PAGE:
Next up is something a bit different for me, in the form of some animation sequences as chapter headings for a video.
It's very difficult to learn! In principle it seems easy, but in practice there is a lot to it. So, after a couple of weeks I've managed to get something approximating a tune out of it. Here is a sample (160k mp3, Edelweiss - I've tried to get a kind of violin sound) - it changes key a few times (unintentionally) and misses the right note more than it hits, but I'll keep at it and hope I get better!
In complete contrast to We Will Rock You, The Producers was dazzling. It was massively entertaining, hilarious, brimming with talented performances, and hilarious (again). I'm a fan of the film in that I think the first half is fantastic, but the second-half sags just a bit. Perhaps not surprisingly, the same is true of the musical. We missed seeing Lee Evans as Leo, as John Gordon Sinclair has taken over the role, but he was very good - once or twice I thought how Evans would have got a bigger laugh on some of the physical stuff. Fred Applegate was a great Max Bialystock, with a touch less of the manic that Zero Mostel conveyed in the film. The biggest laugh (and I mean gut-aching, tears in my eyes so I couldn't see) was James Dreyfus as Carmen Ghia... I want to use the term 'comedy genius' to describe his exit from Roger DeBris' boudoir. And he did it twice, the second one being funnier. It almost killed me.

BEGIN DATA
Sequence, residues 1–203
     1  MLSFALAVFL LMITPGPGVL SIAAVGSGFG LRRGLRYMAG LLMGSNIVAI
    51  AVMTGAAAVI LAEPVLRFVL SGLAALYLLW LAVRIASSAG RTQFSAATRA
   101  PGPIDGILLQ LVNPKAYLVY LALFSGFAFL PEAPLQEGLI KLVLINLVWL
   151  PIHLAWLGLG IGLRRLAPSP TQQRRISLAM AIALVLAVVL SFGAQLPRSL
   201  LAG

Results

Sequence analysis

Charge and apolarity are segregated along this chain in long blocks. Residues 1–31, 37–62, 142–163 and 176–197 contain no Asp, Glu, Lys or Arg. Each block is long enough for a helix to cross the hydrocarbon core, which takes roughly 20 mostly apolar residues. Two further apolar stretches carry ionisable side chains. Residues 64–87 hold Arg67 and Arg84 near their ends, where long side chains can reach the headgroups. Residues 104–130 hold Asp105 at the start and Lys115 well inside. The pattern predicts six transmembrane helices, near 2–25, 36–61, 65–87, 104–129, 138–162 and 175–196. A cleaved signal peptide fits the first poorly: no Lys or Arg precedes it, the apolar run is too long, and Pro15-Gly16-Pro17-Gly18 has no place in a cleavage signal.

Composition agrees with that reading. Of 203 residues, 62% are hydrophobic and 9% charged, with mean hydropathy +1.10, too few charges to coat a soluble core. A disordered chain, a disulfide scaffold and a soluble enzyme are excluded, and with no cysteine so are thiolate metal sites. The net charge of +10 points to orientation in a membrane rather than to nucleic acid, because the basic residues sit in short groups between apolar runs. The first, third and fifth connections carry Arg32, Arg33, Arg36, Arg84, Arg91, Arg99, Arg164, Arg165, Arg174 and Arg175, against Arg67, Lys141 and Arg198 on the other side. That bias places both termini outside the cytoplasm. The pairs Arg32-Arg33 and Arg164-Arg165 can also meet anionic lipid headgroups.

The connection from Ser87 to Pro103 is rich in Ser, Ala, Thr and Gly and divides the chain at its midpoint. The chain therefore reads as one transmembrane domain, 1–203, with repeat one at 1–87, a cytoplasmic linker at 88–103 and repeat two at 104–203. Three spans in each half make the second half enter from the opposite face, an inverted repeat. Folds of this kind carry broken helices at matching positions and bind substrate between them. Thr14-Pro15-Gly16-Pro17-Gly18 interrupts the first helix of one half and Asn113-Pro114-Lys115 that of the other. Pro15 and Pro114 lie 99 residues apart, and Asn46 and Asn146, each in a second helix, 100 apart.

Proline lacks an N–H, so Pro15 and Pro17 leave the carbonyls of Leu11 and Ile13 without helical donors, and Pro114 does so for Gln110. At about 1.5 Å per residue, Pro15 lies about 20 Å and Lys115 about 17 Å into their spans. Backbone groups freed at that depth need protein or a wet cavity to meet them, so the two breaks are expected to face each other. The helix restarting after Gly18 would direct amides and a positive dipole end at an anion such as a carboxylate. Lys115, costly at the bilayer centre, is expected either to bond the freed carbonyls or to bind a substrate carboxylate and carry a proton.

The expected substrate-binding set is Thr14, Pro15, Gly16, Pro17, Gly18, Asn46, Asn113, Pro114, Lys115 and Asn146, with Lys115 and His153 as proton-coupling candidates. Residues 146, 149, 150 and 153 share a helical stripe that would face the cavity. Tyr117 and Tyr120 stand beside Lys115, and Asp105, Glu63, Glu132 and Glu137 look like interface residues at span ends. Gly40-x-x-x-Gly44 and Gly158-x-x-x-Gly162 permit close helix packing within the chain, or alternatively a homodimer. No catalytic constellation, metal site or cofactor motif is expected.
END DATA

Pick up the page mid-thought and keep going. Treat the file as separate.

The dancing and choreography was really fabulous, and the whole show just poured on the glitz, but with more than a bite of self-mockery about it. When you sit there and realise you're laughing heartily at an all-singing, all-dancing Hitler and his leggy brown-shirts, it just hurts even more. The girl who usually plays Ulla (Leigh Zimmerman) was 'indisposed' the night we saw The Producers, but her replacement, Lisa Donmall, was fantastic.
Little niggles come from, as I said, the slight loss of direction in the second half of the show (which, if I remember correctly, actually departs from the 1968 film quite a bit). It is never fully explained how Bialystock and Bloom can make their money from a Broadway flop, or go to jail if it is a success. But none of this matters! It is certainly one of the best West End shows I have ever seen.